To be honest, I don’t remember where I first blundered across this statement, but I remember vividly the oddly conflicted sensation of being @ once energized and enervated by it. Yeah, I know…logically inconsistent. Guilty as charged Welcome to my oft-conflicted world of tail-swallowing paradox. A little explanation may just be in order.
Like a lot of aphorisms, it is evocative. In a sense, it feels self-proving on its face and at some level, empowering. For someone like me, it’s a bit of a charge to think I get a vote with respect to the meaning of life. And if we could track down the original author and wake him/her up to ask them what they intended, my guess is it’s probably meant to be empowering.
At the same time, it’s also a kick in the Gluteus Maximus. Empowerment is meaningless unless it’s actionable and acted upon. So this while this aphorism is a declaration of empowerment, it’s also a call to action. With power comes responsibility, not simply for action, but the consequences thereof.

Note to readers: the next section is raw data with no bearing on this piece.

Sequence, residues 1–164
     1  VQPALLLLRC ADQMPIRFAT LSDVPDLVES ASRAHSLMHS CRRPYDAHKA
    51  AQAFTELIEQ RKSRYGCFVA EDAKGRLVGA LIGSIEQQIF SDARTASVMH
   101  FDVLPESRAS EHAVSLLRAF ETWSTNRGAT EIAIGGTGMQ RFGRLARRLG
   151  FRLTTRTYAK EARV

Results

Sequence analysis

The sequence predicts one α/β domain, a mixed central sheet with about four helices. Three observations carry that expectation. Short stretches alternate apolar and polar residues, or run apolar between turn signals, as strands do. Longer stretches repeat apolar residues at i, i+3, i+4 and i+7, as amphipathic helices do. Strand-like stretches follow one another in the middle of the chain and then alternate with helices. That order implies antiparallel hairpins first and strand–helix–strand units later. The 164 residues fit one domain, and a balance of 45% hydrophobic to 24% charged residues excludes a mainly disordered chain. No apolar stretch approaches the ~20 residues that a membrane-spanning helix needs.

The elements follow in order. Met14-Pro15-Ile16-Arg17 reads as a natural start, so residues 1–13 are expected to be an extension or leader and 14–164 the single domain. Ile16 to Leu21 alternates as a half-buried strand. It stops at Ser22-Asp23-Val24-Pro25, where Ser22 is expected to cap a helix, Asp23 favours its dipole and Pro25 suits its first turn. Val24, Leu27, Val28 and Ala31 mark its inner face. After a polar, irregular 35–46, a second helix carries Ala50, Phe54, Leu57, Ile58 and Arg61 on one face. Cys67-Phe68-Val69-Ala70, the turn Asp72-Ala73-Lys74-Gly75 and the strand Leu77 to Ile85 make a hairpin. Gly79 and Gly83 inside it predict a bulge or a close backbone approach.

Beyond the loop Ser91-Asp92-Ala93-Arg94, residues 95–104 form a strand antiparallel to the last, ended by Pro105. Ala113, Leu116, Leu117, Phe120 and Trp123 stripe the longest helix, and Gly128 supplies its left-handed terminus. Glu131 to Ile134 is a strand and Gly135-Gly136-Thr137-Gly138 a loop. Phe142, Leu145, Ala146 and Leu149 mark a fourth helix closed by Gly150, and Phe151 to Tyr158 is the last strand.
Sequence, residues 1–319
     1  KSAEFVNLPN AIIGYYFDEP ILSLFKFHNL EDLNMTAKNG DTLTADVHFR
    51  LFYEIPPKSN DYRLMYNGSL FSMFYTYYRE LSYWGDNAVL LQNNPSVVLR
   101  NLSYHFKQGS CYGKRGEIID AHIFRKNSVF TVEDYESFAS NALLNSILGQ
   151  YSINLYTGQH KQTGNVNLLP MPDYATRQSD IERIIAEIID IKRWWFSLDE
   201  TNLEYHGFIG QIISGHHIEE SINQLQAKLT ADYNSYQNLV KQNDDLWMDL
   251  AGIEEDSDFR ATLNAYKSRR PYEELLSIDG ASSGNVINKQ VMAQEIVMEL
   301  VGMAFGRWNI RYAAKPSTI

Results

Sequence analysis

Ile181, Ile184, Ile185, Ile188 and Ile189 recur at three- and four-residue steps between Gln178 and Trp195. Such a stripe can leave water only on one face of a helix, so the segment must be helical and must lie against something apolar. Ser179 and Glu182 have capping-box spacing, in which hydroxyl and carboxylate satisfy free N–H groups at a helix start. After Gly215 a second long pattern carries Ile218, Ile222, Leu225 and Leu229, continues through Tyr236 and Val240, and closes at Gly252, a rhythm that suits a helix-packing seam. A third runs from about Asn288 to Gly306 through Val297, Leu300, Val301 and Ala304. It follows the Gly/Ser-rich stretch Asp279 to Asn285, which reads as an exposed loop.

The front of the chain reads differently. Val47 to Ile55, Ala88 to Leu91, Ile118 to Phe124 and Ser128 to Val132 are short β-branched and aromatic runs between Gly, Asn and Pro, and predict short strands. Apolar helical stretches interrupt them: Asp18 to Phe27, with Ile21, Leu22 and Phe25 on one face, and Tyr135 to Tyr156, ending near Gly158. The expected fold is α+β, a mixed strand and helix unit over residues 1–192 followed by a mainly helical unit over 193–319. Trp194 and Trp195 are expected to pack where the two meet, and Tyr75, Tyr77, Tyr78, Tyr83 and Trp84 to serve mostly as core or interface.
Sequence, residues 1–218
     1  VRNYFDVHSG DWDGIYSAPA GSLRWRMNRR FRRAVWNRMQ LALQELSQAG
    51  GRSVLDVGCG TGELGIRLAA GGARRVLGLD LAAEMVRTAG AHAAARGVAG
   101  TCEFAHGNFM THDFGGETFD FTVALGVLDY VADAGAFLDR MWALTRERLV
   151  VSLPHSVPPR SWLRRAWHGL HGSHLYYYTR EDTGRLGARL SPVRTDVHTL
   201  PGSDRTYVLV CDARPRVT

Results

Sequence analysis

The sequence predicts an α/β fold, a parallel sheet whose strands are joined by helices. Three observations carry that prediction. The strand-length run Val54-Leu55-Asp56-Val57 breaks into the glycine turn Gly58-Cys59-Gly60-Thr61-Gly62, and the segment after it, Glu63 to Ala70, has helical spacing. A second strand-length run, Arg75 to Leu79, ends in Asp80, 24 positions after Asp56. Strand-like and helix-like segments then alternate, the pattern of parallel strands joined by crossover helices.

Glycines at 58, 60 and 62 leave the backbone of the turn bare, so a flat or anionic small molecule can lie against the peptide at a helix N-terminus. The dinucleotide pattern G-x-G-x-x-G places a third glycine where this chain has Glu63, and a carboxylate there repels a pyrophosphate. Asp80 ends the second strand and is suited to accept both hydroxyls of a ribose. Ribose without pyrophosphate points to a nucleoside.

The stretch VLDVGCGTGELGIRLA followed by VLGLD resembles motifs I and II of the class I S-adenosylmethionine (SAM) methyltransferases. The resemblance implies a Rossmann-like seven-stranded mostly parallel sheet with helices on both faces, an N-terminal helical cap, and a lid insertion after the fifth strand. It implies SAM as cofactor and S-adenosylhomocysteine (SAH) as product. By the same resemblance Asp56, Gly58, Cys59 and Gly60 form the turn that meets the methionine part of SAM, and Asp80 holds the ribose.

The longer I pondered this simple statement, the more it reminded me of an iceberg. There’s so much more going on, beneath the surface. If we are to internalize this statement and render it actionable, then we are called not only to take action to give our lives meaning, but to express that meaning in ways that we find moral in principle and ethical in practice.
But in order to do that, we must know ourselves well enough to know by which moral principles we wish to be bound and how, specifically, we can give meaning to our lives within those constructs. It’s difficult for me to see anyone actually living this aphorism to its fullest logical extent, without a lot of thought put into who we are, how we wish to live, and how we will define success.
In West of Tomorrow, Clay Conover is midway through his life, plus or minus. He has long-term plan that reflects how he defines both success and meaning. But in common with all of us, he’s not pursuing those dreams of success and meaning in a vacuum. And in common most of us, he doesn’t have anything like omniscience.
Sheera Prasad, a newly hired trainer at the contract training firm in which he is the lead trainer looks a lot like part of the vision of success he has in his mind. Sheera appears to be of the same mind. But Clay has spent his first career looking for ambushes and his usually sharp instincts are whispering warnings. Will he listen to them? If not and he’s wrong, will he ever recover?
West of Tomorrow is a tale of corporate intrigue, betrayal, misplaced love and the phoenix that lives in all of us. West of Tomorrow is available on Amazon in paperback and Kindle formats.